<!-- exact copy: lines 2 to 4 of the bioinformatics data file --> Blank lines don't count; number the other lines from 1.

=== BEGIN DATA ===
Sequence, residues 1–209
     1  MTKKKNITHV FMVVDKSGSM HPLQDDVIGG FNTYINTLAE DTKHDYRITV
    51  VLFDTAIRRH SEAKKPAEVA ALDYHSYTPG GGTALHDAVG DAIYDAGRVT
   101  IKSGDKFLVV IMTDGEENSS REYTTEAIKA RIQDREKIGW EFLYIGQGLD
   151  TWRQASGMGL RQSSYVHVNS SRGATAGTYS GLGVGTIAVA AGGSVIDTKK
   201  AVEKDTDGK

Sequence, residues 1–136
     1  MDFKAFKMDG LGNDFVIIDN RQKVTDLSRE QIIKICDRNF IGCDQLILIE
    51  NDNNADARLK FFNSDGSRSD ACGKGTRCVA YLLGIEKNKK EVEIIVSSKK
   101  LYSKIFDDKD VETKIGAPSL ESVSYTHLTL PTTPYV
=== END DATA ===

     1  MTKKKNITHV FMVVDKSGSM HPLQDDVIGG FNTYINTLAE DTKHDYRITV
    51  VLFDTAIRRH SEAKKPAEVA ALDYHSYTPG GGTALHDAVG DAIYDAGRVT
   101  IKSGDKFLVV IMTDGEENSS REYTTEAIKA RIQDREKIGW EFLYIGQGLD